In some embodiments of the invention, the strip that forms the band may include one or more rib structures along the band portion. The use of one or more rib shapes may provide additional rigidity and reduce or prevent twisting or rolling of the tissue constrictor after implantation in the patient. The rib shapes may be concave, convex, solid, or hollow features. The one or more rib structures may or may not be present prior to activation of a memory material comprising the gastric band. The rib structures themselves may or may not be formed out of a shape-changing material and may or may not have the same activation energy source and level as any other shape-changing material comprising the strip of the gastric band. The geometry of the rib structures may vary in number, orientation, width, length, depth, and height either as a group, including a group of one rib, or as individual ribs, where more than one rib is used.

In another embodiment of the invention, the tissue constrictor may include one or more shape-changing stabilizers. The stabilizers are intended to reduce or prevent movement or twisting of a gastric band. As shown in FIG. 7, a gastric band 600 includes one or more position stabilizers that include spurs 602, anchors, or the like, that aid in fixing the position of the band with respect to the stomach or other location in the body. For example, the gastric band may include one or more holes 604 into which tissue can extend to secure the position of the band. Position stabilizers may or may not be formed of the same shape-changing material or materials as the gastric band itself. The position stabilizers may or may not include other materials in addition to a shape-changing material. In one possible embodiment, a spur-type relative position stabilizer includes a spur 602 that, upon activation, extends out of the plane of the band 600 to engage adjacent tissue in order to anchor the band. The particular angle and orientation of the spur “memory” shape state may be selected based on the intended use of the tissue constrictor.

In other embodiments, anchoring is achieved by surface structure such as a roughened surface, bumps, pits, spikes, filaments, patterns, etc. In other embodiments, the device promotes tissue growth, where permanency is desired. In another embodiment, the shape-changing component is an introduction catheter, a guide wire, or other ancillary component that bends itself around a desired structure, such as a retrogastric tunnel. The guidewire can then lead the constriction device around the tunnel for proper placement, or the constriction device can be situated on the shape-changing delivery device as it is delivered. The delivery device may create the tunnel with energy.

In some embodiments of the invention, the shape-changing materials used to form the tissue constrictor can be tailored such that the application of radio frequency energy both causes the gastric band to act as a tissue cutting device, as well as causes the gastric band to assume its memory shape, thereby surrounding the desired portion of the stomach. When used as a gastric band, the application of the radio frequency energy causes the band to tunnel around the esophageal neck above the stomach. Because the esophagus has a predictable diameter, the delivered band can be selected to have the proper predetermined diameter when closed.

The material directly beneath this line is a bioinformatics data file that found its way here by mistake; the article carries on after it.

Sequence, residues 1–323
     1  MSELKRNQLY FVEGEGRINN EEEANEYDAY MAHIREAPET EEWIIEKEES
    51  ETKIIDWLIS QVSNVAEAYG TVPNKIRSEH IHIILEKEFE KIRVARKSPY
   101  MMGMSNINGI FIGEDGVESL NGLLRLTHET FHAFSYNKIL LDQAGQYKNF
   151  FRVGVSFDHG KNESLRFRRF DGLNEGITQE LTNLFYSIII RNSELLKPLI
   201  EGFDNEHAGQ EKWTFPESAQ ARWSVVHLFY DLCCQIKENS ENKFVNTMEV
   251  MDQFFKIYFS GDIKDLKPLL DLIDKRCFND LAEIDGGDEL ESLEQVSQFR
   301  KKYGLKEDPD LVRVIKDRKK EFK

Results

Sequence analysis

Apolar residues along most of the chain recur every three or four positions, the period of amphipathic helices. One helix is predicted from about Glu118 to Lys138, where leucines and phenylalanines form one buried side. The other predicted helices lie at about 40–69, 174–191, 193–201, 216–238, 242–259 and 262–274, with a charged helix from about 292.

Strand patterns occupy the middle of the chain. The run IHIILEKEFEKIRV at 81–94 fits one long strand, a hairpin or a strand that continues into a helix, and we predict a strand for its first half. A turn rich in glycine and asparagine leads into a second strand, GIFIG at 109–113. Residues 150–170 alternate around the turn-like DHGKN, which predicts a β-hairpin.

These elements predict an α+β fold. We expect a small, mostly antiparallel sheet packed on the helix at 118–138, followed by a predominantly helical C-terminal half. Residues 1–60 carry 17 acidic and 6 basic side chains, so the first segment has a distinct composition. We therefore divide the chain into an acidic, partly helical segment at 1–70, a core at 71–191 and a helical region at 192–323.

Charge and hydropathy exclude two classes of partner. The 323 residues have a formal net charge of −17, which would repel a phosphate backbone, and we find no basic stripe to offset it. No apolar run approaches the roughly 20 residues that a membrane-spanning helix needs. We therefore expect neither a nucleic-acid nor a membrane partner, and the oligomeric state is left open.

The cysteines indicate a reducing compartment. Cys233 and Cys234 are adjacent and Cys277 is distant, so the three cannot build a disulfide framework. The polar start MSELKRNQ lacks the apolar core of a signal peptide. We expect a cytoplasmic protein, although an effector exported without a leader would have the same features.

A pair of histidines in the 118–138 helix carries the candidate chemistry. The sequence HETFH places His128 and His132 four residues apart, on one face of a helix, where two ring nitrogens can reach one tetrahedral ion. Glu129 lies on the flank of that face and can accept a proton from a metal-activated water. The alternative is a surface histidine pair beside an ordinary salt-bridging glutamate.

FIG. 8 illustrates one embodiment of a system for supplying the radio frequency energy to a tissue constrictor 700 that is delivered to desired location by a delivery catheter 702. A radio frequency generator 704 is in electrical contact with the tissue constrictor 700. A conductor on the tissue constrictor or the tissue constrictor itself acts as a radio frequency knife, cutting tissue surrounding the constrictor. Current is returned to the radio frequency generator 704 from an external patient pad 706. Alternatively, a return electrode may be placed in the catheter 702. The radio frequency energy delivered cuts the tissue and may activate the shape-changing material to assume its memory state. In some embodiments, the radio frequency generator may supply only an activation energy to activate the shape-changing material.

A tissue constrictor of the present invention may also include an imageable component, such as a radiopaque marker. Incorporation of an imageable component into the band may aid in placement, monitoring, or removal of such a constrictor. As an example, an embodiment with a Nitinol™ band portion is easily viewable with x-ray imaging devices because Nitinol™ is radiopaque. The imageable component may or may not be a shape-changing material, and may or may not serve any other purpose than to allow imaging of the imageable component itself. Other embodiments of the tissue constrictor includes an imageable component that is easily viewable via magnetic resonance imaging (MRI) techniques.

While the preferred embodiments of the invention have been illustrated and described, it will be appreciated that various changes can be made therein without departing from the scope of the invention. For example, although the disclosed embodiments of the invention are directed to gastric bands, the present invention could be used to constrict blood vessels, muscles, bones, internal organs, or the like. In addition, various band widths may be used to cover more surface area. More than one band could be displayed or the bands can be made easily removable.